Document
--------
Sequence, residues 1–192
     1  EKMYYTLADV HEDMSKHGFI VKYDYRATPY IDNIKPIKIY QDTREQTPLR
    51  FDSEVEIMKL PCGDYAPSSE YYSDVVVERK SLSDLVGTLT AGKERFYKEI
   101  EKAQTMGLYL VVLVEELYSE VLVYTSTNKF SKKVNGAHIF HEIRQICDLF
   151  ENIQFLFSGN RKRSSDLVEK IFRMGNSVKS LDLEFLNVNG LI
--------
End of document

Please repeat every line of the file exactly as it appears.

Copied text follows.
Sequence, residues 1–192
     1  EKMYYTLADV HEDMSKHGFI VKYDYRATPY IDNIKPIKIY QDTREQTPLR
    51  FDSEVEIMKL PCGDYAPSSE YYSDVVVERK SLSDLVGTLT AGKERFYKEI
   101  EKAQTMGLYL VVLVEELYSE VLVYTSTNKF SKKVNGAHIF HEIRQICDLF
   151  ENIQFLFSGN RKRSSDLVEK IFRMGNSVKS LDLEFLNVNG LI